[Haskell-cafe] Lazy series [was : Preventing sharing]

Tom Ellis tom-lists-haskell-cafe-2013 at jaguarpaw.co.uk
Sat Jan 9 15:11:34 UTC 2016

Sharing a private conversation, with the permission of Jerzy.

On Sat, Jan 09, 2016 at 11:45:00AM +0100, Jerzy Karczmarczuk wrote:
> Again: *exps = 1 + integral exps*
> I said that if RHS exps is evaluated, it cannot work.
> >>>But if it evaluates to a thunk ...
> >>Then, on which premises you call the language "strict"?
> >Why not?
> >
> >A thunk could either be a delayed function call, or it could be a memoised
> >thunk, such as OCaml (a strict language) provides
> >
> >    http://caml.inria.fr/pub/docs/manual-ocaml/libref/Lazy.html
> But in the original expression with exps, you don't delay anything.
> You don't construct *exps()*, or equivalent. This variable is just
> variable, lexical atom, and either you evaluate it or not. If not,
> don't call the language strict. If there is a delay form introduced
> by the compiler, the language is not strict.
> If you don't agree, I suggest that instead of asking "why this
> doesn't work, it should!" , simply implement it.

Oleg has already provided most of the solution


The aim is

    exps = 1 + integral exps

In Oleg's framework the answer is

    let exps = I.fix (fun e -> int 1 +% integ e)

In a hypothetical OCaml with typeclasses, this becomes

    let exps = I.fix (fun e -> 1 + integ e)

The remaining objection is the presence of the fix.  The solution here is to
allow the language to support recursive bindings of lazy values[1], not just
of function values.  The we could write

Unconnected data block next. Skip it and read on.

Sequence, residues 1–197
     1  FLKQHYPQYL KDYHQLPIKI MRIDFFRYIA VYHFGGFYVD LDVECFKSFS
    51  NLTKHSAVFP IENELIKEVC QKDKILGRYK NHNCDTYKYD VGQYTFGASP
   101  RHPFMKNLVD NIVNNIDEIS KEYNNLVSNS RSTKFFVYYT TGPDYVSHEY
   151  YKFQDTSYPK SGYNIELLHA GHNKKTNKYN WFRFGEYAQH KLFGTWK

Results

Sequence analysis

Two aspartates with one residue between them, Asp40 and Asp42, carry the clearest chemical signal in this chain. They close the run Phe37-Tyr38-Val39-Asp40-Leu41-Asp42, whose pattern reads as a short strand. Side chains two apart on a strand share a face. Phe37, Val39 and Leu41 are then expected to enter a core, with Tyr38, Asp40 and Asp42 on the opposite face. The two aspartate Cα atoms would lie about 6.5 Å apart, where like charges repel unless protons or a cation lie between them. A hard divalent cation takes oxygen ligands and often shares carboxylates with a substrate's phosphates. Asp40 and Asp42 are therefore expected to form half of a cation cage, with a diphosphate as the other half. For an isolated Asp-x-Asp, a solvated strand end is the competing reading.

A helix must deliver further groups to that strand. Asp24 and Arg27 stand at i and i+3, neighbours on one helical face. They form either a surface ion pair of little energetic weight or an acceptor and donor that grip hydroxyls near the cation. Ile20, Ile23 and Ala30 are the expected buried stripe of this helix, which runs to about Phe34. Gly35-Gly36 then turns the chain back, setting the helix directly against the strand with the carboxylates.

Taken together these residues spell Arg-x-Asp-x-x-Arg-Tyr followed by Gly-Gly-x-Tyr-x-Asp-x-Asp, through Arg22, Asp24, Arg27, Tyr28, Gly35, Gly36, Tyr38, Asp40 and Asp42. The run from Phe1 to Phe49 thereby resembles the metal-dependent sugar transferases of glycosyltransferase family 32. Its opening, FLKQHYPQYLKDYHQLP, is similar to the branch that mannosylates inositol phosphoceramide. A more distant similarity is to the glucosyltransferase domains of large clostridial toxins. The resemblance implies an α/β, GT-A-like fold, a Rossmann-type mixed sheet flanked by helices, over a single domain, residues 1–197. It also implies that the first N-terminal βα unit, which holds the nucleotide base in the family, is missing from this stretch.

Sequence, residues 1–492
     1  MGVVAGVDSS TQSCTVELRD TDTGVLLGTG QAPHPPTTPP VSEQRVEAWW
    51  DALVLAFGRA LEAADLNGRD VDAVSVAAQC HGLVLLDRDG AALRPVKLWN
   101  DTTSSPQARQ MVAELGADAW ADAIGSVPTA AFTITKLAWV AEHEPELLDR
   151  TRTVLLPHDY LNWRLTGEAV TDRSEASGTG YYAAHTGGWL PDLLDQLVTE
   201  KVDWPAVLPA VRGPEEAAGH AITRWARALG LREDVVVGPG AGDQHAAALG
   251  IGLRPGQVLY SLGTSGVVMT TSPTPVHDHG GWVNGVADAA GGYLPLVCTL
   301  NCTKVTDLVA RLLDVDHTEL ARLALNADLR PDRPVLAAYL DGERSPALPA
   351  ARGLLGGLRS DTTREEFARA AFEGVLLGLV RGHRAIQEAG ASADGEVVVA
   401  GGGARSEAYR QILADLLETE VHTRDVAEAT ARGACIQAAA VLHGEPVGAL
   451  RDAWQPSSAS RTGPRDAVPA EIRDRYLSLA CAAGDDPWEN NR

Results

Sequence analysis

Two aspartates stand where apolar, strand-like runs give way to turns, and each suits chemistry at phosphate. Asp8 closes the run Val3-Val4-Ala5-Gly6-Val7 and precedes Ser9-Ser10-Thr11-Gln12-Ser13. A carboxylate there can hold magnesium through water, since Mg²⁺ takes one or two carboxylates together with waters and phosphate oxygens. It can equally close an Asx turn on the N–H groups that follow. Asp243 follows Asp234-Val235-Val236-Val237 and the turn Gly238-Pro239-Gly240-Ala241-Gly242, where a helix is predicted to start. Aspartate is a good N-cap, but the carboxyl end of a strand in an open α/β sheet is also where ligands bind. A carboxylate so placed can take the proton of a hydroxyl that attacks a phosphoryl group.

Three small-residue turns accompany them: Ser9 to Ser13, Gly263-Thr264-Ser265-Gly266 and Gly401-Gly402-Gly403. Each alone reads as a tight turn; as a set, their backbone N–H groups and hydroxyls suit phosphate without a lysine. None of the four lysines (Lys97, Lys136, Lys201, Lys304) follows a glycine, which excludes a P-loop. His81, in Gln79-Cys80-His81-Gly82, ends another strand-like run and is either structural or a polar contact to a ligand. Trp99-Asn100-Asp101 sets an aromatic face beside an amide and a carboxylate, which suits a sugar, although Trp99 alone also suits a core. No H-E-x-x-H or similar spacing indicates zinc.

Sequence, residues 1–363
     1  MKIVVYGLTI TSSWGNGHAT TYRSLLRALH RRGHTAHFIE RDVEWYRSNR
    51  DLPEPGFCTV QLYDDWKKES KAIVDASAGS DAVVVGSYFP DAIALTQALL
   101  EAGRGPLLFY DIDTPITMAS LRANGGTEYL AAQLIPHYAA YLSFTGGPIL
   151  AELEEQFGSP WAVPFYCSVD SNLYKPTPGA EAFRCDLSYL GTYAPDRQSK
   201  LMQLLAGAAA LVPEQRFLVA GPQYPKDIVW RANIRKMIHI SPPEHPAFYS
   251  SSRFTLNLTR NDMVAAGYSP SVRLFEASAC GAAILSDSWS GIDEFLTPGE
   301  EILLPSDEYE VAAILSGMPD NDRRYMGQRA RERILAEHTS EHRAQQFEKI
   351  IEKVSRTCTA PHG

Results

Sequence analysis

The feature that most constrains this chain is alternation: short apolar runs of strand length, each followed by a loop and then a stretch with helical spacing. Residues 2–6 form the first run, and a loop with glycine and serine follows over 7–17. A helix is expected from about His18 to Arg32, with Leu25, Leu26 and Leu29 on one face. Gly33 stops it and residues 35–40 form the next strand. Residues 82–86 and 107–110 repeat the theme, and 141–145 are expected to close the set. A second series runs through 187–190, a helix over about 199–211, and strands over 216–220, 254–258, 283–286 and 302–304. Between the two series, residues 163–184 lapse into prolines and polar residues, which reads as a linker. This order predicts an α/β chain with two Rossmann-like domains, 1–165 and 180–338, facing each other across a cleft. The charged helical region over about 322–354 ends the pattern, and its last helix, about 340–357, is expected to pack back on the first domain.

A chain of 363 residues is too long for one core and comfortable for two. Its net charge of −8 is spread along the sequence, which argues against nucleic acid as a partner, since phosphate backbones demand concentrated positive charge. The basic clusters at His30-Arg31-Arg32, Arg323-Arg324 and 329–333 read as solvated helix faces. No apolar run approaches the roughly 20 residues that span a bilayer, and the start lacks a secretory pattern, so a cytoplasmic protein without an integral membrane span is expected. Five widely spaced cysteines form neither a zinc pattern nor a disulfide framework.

let rec exps = 1 + integ exps

If you still do not agree I would appreciate it if you could explain why
such a language

  a) could not exist, or

  b) would not be called "strict"

If you're still not convinced, consider a lazy language, Haskell--, which
doesn't allow recursive bindings of non-function types.  In Haskell-- you
*cannot* write

    exps = 1 + integral exps

but you have to write

    exps = I.fix (\e -> 1 + integral e)

So we see that the nice syntax "exps = 1 + integral exps" is not due to
laziness (since Haskell-- is lazy, but you cannot write that).  Instead the
nice syntax is due to lazy recursive bindings, and this sugar can exist as
well in a strict language as it can in a lazy one.


[1] Note that recursive bindings are anyway just syntactic sugar for a fixed
point.  The definition

    sum = \x -> case x of
       []     -> 0
       (x:xs) = x + sum xs

is (essentially) sugar for

    sum = fix (\sum' x ->
        case x of
           []     -> 0
           (x:xs) = x + sum' xs)

so adding additional sugar for binding lazy values can hardly spoil

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